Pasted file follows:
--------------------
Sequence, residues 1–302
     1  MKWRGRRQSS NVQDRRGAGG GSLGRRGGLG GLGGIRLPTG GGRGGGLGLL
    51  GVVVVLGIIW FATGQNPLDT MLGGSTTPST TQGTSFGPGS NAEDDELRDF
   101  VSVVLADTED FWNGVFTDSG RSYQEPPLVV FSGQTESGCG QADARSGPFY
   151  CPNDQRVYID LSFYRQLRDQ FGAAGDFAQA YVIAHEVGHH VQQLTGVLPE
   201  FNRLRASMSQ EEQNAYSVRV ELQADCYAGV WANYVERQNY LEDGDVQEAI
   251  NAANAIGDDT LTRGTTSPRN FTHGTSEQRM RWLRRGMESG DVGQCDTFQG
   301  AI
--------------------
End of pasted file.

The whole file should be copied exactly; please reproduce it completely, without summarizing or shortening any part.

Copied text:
Sequence, residues 1–302
     1  MKWRGRRQSS NVQDRRGAGG GSLGRRGGLG GLGGIRLPTG GGRGGGLGLL
    51  GVVVVLGIIW FATGQNPLDT MLGGSTTPST TQGTSFGPGS NAEDDELRDF
   101  VSVVLADTED FWNGVFTDSG RSYQEPPLVV FSGQTESGCG QADARSGPFY
   151  CPNDQRVYID LSFYRQLRDQ FGAAGDFAQA YVIAHEVGHH VQQLTGVLPE
   201  FNRLRASMSQ EEQNAYSVRV ELQADCYAGV WANYVERQNY LEDGDVQEAI
   251  NAANAIGDDT LTRGTTSPRN FTHGTSEQRM RWLRRGMESG DVGQCDTFQG
   301  AI